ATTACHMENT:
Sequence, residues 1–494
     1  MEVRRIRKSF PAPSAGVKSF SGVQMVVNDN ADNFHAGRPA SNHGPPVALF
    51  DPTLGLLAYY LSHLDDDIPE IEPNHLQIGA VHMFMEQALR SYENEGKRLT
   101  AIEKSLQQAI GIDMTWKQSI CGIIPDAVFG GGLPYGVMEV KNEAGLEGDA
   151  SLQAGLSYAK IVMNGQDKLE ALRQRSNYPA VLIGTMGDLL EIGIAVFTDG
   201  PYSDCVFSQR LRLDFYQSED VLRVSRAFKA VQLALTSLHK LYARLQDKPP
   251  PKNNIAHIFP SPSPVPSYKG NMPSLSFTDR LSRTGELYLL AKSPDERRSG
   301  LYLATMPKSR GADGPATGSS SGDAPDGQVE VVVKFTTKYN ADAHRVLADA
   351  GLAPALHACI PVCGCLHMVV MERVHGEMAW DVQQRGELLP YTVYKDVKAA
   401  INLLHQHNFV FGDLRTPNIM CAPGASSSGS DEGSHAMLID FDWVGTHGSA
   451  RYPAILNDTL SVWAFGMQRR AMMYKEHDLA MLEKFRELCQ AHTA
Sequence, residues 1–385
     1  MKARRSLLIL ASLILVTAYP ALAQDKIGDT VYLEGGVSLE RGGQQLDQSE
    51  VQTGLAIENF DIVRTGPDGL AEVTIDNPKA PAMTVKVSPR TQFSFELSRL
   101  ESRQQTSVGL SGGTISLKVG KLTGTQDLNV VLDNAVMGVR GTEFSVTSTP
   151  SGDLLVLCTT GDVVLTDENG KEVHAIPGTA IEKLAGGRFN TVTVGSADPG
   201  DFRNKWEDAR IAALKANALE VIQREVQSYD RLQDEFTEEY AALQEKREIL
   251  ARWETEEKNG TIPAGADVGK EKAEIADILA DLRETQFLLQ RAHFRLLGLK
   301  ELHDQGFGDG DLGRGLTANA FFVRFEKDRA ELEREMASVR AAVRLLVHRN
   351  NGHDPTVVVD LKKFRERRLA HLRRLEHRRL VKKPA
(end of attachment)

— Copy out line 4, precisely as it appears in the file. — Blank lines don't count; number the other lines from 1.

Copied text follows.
   101  AIEKSLQQAI GIDMTWKQSI CGIIPDAVFG GGLPYGVMEV KNEAGLEGDA